Reproduced with permission of the author
As the U.S. debate over affirmative action seems to grow ever more rancorous and divisive, it seems clear that America desperately needs an infusion of new ideas to address the fundamental problems that affirmative action programs were intended to remedy. Help may be available from a perhaps unexpected source: the legal systems of other countries. Many other multi-cultural democracies have also been struggling to reconcile a commitment to equality with the need to remedy the effects of past discrimination; America might well be able to learn from their experiments, the failures as well as the successes.
India, the world's largest democracy, has developed a legal system that is probably more similar to that of the United States than found in any other country, particularly in the field of constitutional law. But, on the issue of affirmative action, India has boldly explored "the path not taken" in the U.S., identifying more than 3,500 distinct social groups as needing preferential treatment and reserving up to 50% of all new central government jobs for members of these groups. Similar quotas exist for higher education including exclusive medical and engineering schools. This system has been fifty years in the making, going back to explicit provisions in India's constitutional guarantees of equality authorizing government to make "special provision" for "socially and educationally backward classes." In the first three decades selection of groups to receive preferential treatment was left largely to state governments, with the result that the Indian Supreme Court repeatedly struck down plans that seemed primarily to benefit politically powerful groups or that were based on traditional assumptions of caste-based prejudice without empirical research to show which groups were truly in greatest need. Then in 1980 a nationwide survey was conducted by a presidential commission that used a variety of empirical factors to define groups in need, including social discrimination, educational deprivation and economic status, producing the list of 3,500 "backward classes." Proposed implementation in 1990 was delayed by protests from high-caste Hindus, both in the streets and in the courts, but is now moving forward since the Indian Supreme Court issued a comprehensive decision in 1992 largely approving the commission's proposals.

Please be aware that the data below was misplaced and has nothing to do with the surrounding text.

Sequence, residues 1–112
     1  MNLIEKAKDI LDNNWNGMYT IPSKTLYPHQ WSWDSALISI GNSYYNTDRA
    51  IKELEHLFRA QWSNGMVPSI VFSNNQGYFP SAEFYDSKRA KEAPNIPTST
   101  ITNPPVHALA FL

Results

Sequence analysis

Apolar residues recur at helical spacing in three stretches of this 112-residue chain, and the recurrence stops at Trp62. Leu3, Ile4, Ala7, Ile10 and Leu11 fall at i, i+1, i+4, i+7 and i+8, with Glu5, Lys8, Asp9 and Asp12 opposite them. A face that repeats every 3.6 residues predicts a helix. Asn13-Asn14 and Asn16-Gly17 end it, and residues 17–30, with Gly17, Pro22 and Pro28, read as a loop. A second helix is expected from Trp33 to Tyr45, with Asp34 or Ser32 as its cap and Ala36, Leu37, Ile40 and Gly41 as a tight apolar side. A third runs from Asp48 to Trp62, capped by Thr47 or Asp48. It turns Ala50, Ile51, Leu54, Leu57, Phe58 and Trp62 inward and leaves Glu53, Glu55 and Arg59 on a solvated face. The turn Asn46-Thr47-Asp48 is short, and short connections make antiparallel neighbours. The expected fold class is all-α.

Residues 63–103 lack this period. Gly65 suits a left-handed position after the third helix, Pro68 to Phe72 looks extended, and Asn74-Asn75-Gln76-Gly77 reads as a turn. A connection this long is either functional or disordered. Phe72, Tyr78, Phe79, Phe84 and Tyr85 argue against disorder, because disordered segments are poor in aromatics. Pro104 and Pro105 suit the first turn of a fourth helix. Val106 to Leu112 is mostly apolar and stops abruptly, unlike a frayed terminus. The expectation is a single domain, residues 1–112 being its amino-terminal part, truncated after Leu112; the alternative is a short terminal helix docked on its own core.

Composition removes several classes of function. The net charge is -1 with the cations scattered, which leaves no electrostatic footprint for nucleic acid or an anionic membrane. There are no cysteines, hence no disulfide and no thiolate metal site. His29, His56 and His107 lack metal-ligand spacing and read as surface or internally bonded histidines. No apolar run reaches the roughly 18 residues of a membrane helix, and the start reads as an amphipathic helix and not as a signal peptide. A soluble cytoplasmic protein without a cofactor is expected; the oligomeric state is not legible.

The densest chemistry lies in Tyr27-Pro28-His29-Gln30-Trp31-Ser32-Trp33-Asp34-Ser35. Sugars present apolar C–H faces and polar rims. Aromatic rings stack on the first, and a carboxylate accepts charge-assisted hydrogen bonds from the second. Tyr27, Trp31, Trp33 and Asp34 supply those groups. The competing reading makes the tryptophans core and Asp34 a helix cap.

Twenty years ago one man, Justice Lewis Powell, determined the course of American law on equality by rejecting two arguments for using quotas to increase medical school admissions from racial minority groups. In the Bakke case there were four votes to hold that such quotas were constitutional because (1) they were necessary to remedy the effects of past societal discrimination, and (2) the use of racial categories in that context was "benign," stigmatizing neither the beneficiaries of the program nor those ineligible for it. Looking at India's bold experiment might prompt reconsideration of the position that fell only one vote short in Bakke: that the effects of societal discrimination should be taken into account and that affirmative action can be designed in ways that avoid the harmful effects of racial categorization.
Among the many useful lessons that might be learned from looking at India's experience, in this essay we focus on the topic of how beneficiary groups to receive affirmative action should be selected and defined by generalizing the principles of the Indian approach and then putting them into the U.S. context with the benefit of current social science research. To illustrate this discussion we use as our "test case" the problem of admission to law school and conclude with a concrete proposal to research whether a system of group-based preferences for admission could be designed based entirely on neutral, empirical principles that were responsive to systemic effects of societal discrimination and yet did not perpetuate racial division and stigmatization.